I love music - its no effort to keep up but I am very lucky. One of my day jobs is making music with so called 'hard to reach' young people and they are always giving me mp3s of the latest producer or spitter. Frankly, I was on grime from the very beginning!

What I love about dubstep is that it has opened the doors and ears to a wider spectrum of electronic music than any of its predecessors, and of course it's our South London folk music. What I find really strange is people who only listen to music made when they were young - there's always been great and shit music and what's going on today contains some great stuff.

What music are you into right now? What would you recommend Soundblab readers check out?

He doesn't need my props, but James Blake really is amazing and I love that whole Flying Lotus, Rusty thing too. Also in London and elsewhere at the moment is the most fruitful and creative underground scene I've ever known - I'd suggest people check out any of the dozens of experimental nights running in Stokie, Brixton and other places like Plymouth, Winchester, Cumbria, Brighton, where the boundaries between sound, art and music, experimental and dance musics, song and improv are all being challenged and you can hear all sorts of fusions performed by really passionate musicians who'll never make a bean probably.

How did you get started making music and what were your first musical loves?

I've always made music - I was a really good boy soprano as a kid and have probably sung every day of my life. We always had a piano too and I remember as a tiny kid banging and scraping the inside strings. My mother's side were all musicians - my grandfather was a choir master and organist while my dad's side were scrap metal wheeler dealers - so I guess that where the post-industrial sounds come from. I loved Scottish folk, then 60s pop like Donovan and The Kinks followed by psychedelia which hinted at so much I didn't understand and of course Doctor Who. I also share with a love of 'Sputnik' by The Tornadoes with Thatcher I'm sorry to say (Gagarin may actually be thinking of The Tornadoes 1962 number one single 'Telstar', which Thatcher named as her favourite tune - Ed). I started playing drums at 11 after my headmistress at school told me I was 'too musical' to be a drummer!!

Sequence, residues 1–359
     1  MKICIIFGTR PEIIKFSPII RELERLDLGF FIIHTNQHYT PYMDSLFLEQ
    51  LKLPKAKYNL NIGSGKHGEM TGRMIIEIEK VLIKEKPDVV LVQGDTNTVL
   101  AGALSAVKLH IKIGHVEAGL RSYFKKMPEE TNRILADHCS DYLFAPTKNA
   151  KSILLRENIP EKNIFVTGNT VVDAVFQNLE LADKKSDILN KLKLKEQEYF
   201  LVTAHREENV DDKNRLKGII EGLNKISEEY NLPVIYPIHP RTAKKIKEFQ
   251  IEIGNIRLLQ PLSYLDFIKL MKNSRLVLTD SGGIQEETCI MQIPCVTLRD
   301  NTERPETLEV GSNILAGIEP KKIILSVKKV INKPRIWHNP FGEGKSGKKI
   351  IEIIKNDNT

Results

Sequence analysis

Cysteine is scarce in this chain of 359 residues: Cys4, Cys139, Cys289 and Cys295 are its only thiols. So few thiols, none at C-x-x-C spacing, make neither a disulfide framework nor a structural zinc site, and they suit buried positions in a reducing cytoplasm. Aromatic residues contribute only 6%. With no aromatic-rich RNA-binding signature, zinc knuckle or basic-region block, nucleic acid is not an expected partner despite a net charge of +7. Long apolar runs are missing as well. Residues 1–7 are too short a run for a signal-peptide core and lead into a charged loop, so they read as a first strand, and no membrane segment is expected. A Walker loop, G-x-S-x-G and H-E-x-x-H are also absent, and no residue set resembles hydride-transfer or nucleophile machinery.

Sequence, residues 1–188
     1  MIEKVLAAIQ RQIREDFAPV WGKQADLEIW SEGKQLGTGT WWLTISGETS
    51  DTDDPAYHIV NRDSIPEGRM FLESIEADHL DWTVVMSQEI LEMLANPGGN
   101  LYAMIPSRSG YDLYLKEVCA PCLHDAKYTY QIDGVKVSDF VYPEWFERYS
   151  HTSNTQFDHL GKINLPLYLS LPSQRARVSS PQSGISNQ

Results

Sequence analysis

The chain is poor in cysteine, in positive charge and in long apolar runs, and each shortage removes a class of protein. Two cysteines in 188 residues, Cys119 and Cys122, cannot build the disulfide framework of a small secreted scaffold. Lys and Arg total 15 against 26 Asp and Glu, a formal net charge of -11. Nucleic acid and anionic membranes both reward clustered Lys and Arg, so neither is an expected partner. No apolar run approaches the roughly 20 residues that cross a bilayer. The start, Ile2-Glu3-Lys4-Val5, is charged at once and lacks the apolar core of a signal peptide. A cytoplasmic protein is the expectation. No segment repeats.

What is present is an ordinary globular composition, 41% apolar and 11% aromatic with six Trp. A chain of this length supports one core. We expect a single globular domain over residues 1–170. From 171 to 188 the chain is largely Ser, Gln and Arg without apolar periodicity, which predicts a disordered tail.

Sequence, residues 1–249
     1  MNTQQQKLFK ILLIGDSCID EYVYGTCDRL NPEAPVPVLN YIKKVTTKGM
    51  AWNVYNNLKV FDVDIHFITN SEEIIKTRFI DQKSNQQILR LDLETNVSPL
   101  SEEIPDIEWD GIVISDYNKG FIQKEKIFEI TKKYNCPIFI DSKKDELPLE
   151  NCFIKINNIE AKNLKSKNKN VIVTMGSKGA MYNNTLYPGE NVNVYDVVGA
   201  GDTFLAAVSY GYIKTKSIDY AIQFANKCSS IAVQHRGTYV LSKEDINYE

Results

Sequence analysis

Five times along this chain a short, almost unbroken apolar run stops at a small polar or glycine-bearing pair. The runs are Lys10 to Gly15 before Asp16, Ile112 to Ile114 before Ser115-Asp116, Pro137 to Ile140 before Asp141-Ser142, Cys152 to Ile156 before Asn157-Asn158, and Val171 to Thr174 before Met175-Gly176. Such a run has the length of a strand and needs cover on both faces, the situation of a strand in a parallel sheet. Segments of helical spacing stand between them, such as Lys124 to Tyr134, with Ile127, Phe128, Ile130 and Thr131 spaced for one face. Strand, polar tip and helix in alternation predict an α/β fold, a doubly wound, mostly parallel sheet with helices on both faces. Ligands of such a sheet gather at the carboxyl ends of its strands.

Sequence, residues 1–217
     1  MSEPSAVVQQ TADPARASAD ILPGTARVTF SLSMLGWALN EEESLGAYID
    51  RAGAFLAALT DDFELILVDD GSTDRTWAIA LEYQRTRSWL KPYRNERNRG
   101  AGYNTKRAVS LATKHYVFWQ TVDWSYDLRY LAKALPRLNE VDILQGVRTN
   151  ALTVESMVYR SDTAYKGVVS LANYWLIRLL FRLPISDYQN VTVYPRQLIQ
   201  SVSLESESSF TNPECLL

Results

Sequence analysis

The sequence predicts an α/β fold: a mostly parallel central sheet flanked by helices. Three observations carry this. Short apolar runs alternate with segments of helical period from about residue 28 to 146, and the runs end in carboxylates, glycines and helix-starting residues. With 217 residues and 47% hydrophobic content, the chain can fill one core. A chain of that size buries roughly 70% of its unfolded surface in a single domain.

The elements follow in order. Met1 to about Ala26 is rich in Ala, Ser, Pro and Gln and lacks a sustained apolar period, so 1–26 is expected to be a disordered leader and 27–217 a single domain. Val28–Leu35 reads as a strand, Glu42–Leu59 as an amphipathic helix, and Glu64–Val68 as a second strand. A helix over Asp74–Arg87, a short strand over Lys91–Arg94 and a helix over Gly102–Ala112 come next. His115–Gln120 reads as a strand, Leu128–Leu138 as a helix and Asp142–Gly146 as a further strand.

How do you balance your music making with your job as GEO label curator? Do the two compliment each other or is it hard to fit both in?

Running Geo is really just an extension of making music - I just wanted the simplicity of being able to put out what I wanted without relying on others - this way whatever goes wrong is my fault and that's fine. I have wasted so much time waiting for labels to make up their mind or get their shit together that I just thought I'd get on with it so I did. My main day job is running music sessions with kids with disabilities or 'hard to reach' and that really helps to balance my creating - you're forced to grow and adapt on a daily basis and constantly recharged by the power of music.

What's next for you?

Well, we've just finished the Low Bias album - that's me and Mark Beesley. It's sounding fantastic and I've written some riffs and am inputting to the next Pere Ubu album. (I'm) about to start the second Roshi ft Pars Radio album following the acclaimed Iranian EP we did during the winter and as ever a lot of irons in the fire. I'm also mulling over an 'Of and By' album of mixes I've either done for others or they've done of me - this could include Muslim Gauze, Pere Ubu, Rothko, Robert Logan, Youth and loads more so I'm very tempted even though its' looking backwards a bit, which I don't like to do - the future is always a more interesting place than the past.

Biophila is out now on GEO Records